There are currently around 7.7 million 15-74 year olds in the region who watch online video on an average day, or almost 15% more than a year ago. On the other hand, traditional TV viewing has decreased by approximately 7% in the same period.
Most of the growth of online viewing profits global actors, as locals continue to fall behind. Indeed, across the Nordics Netflix and YouTube attain more than 50% of all online viewing. Global services also lead SVOD, with Netflix, HBO Nordic and Amazon together accounting for more than four million subscribing households. Local Nordic media actors, on the other hand, only attain half of that amount. The gap between the globals and the locals has actually been increasing yearly since 2013. As we move forward in 2018, Mediavision sees no clear signs that this will change.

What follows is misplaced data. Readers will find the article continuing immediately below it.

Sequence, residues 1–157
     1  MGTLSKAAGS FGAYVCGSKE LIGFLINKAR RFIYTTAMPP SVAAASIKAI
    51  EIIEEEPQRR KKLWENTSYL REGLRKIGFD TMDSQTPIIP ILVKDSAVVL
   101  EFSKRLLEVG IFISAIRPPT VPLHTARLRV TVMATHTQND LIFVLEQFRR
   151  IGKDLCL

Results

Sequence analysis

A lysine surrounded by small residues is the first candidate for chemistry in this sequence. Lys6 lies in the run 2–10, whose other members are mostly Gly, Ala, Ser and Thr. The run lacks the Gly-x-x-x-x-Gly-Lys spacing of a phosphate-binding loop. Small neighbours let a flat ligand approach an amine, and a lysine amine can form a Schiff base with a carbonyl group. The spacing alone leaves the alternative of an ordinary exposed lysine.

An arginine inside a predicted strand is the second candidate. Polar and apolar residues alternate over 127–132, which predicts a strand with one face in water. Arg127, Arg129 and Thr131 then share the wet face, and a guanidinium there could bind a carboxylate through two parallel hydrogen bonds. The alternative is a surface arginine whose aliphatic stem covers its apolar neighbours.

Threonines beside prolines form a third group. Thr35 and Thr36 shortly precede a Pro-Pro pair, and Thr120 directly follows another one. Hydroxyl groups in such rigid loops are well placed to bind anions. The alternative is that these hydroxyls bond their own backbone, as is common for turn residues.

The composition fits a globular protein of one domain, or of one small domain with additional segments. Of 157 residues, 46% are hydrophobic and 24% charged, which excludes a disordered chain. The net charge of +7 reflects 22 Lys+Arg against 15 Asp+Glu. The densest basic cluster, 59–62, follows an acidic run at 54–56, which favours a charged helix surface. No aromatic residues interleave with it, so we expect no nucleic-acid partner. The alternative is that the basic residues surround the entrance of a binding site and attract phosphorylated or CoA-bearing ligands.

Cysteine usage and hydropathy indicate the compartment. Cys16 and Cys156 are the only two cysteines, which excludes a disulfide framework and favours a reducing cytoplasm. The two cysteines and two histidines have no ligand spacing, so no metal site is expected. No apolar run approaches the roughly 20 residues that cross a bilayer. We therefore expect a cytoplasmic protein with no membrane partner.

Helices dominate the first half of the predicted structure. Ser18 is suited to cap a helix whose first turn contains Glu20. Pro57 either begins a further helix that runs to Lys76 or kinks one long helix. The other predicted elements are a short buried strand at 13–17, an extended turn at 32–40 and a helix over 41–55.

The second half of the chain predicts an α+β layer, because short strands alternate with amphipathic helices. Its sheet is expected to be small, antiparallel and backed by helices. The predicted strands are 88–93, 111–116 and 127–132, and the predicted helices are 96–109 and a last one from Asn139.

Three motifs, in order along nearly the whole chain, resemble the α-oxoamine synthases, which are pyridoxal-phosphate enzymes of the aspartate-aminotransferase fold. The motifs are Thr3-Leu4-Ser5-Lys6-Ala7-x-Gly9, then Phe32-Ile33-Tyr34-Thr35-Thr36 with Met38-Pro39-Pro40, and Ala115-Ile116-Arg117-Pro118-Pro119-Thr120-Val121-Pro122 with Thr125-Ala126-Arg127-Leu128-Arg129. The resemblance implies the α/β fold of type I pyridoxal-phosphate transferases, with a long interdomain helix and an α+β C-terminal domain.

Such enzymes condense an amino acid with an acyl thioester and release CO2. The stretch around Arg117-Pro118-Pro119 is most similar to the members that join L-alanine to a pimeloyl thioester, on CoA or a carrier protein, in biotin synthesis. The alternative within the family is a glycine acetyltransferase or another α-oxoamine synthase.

Netflix’s content budget for 2017 of almost €6 billion was approximately twice the size of all Nordic broadcast companies combined. The advantages of economies of scale make the globals’ position hard to challenge and his situation is likely to remain unchanged in the coming years.
According to Marie Nilsson, CEO at Mediavision, “2017 has been an eventful year in the media industry, and the Nordics is not an exception. The shift in consumption from traditional to digital media has continued, with investments and revenues following. Towards 2018, the consumer development will likely be accompanied by an even more fierce competition, leading to both vertical and horizontal consolidations – locally and globally. The AT&T/Time Warner and Fox/Disney deals, together with Facebook Watch’s potential global release are some factors that will have great impact on the video market as a whole – and almost certainly throughout the Nordics”.